Gut Microbiota: The Good, The Bad, and The Ugly

 

[vimeo]https://vimeo.com/84415471[/vimeo]

 

In this video Dr. Jeffrey Bland discusses recent research into the gut microbiome. This research illustrates the systemic effects of intestinal composition on drug response, and inflammatory and immune response. Some of the research cited includes work done by the Cleveland Clinic showing certain gut microbiota may convert animal products consumed in the diet into secondary metabolites that are possibly heart-disease inducing (“the Bad”). However, research out of Europe appears to demonstrate particular gut flora may enhance the effects of chemotherapy drugs, improving efficacy (the “Good”).

 

References:

Pennisi E. Biomedicine. Cancer therapies use a little help from microbial friends. Science. 2013 Nov;342(6161):921.

Wang Z, Klipfell E, Bennett BJ, Koeth R, Levison BS, et al. Gut flora metabolism of phosphatidylcholine promotes cardiovascular disease. Nature. 2011 Apr 7;472(7341):57-63.

3 Comments On “Gut Microbiota: The Good, The Bad, and The Ugly”

  1. Pingback: Effets – positifs ou négatifs – de notre microbiote sur notre santé | nutrition soins santé

  2. Hi Jeff, Very interesting about the upregulation of T17 and its place in the inflammatory response needed to treat some cancers. My questions would be: 1. Doesn’t chemo kill more quickly rapidly dividing cells like the gut epithelium? (rhetoric question) 2. Does chemo (especially given orally) kill at least parts of the Microbiome since they also divide fairly rapidly? 3. Would it now make sense to supplement with probiotic and commensal bacteria during chemo.? (I would think so ). but here is where it would get tricky, with or without supplementation of probiotic bacteria, won’t there be enough “leaky gut” (due to chemo effect on gut epithelia) to cause the usual problems of immune dysregulation at the lamina propria level that can lead to all sorts of problems? Include the increase stress of cancer/chemo, creating increase cortisol which can knock down the beneficial bacteria and maybe push the GALT to more of a Th2 phenotype which probably wouldn’t be good for cancer or anything for that matter. It would seem your 5R program should really be a part of all cancer therapy. As you can see, as always I have far more questions than answers. Since stopping surgery and helping with Integrative Medical program at Univ of Miami, all I do is look up articles, and the more I see the more humble I get! I hear you are coming our way in April for one of our IFM conferences. I look forward to seeing you and maybe even having a minute to chat. Sincerely, Leonard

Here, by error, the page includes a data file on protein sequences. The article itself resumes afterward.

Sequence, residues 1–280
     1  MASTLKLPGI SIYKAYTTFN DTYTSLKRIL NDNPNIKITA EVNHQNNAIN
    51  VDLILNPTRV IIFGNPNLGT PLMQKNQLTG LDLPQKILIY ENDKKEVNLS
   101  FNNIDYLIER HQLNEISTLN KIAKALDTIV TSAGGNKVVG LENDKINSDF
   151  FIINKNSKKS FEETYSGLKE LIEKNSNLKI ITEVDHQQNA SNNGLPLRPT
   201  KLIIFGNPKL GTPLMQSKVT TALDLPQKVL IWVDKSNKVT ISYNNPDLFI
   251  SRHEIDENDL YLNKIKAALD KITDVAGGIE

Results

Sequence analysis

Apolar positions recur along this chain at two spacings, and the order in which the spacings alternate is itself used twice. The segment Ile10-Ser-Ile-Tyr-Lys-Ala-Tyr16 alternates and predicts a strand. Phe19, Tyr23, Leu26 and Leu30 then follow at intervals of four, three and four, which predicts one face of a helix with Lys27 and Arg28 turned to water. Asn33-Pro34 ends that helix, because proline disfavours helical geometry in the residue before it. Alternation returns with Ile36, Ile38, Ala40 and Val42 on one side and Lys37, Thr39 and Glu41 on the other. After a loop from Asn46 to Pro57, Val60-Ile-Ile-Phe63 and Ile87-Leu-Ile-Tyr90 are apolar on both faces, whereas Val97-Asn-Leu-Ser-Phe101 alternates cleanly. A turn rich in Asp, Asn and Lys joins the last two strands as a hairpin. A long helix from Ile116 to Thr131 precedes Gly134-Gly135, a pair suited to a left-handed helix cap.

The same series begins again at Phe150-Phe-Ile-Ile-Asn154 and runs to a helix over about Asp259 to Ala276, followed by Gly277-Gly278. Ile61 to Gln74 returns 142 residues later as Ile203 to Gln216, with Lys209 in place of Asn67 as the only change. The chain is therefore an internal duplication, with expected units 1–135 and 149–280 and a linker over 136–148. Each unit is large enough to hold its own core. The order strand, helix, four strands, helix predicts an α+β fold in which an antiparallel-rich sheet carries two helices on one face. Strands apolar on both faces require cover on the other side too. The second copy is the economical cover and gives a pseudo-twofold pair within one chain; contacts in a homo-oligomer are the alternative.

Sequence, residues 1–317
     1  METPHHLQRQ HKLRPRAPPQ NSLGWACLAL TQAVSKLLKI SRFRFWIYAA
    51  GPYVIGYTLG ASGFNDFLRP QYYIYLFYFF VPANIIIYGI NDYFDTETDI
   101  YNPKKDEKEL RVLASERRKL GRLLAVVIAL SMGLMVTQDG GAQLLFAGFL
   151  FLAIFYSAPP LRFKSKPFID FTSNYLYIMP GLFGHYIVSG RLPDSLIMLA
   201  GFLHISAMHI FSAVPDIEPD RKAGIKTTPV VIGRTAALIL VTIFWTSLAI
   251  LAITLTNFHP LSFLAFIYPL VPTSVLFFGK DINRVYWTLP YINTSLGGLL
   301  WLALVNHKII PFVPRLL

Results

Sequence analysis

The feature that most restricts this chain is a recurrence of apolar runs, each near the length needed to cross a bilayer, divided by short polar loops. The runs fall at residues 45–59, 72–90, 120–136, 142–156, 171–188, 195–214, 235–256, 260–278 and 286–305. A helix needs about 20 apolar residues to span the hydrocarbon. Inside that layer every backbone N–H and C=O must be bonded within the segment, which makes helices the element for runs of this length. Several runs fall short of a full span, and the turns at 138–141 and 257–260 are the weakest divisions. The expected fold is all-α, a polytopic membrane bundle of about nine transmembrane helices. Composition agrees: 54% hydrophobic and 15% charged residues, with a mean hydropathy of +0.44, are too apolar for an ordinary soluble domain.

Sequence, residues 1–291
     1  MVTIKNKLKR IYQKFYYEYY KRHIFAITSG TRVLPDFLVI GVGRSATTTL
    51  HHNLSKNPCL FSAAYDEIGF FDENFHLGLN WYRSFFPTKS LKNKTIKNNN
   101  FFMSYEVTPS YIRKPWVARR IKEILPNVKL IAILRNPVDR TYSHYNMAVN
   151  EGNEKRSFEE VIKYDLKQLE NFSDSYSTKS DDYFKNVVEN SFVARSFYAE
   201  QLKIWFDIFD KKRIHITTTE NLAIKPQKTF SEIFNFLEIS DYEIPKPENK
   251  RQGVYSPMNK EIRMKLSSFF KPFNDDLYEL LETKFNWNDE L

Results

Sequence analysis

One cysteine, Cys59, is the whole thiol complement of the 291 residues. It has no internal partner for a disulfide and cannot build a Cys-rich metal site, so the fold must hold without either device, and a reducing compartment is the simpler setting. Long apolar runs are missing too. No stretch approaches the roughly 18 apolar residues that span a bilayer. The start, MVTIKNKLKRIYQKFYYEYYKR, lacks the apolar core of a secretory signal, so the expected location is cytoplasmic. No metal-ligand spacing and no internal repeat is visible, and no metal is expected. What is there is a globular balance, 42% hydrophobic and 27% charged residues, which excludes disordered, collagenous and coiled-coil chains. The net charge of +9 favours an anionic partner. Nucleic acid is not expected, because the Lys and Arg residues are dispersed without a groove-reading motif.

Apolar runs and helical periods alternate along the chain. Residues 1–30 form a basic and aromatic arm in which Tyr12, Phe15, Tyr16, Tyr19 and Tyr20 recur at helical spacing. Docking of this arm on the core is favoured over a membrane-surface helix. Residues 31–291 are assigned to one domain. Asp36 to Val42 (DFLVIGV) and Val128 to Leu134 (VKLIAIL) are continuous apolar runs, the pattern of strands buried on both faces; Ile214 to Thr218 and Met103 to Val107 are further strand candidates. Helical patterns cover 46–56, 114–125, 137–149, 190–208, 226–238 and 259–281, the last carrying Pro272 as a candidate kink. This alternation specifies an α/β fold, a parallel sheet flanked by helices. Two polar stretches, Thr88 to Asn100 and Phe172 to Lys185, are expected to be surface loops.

3. Thank you for your endless support to bring the pieces of fundamental health to the forefront!

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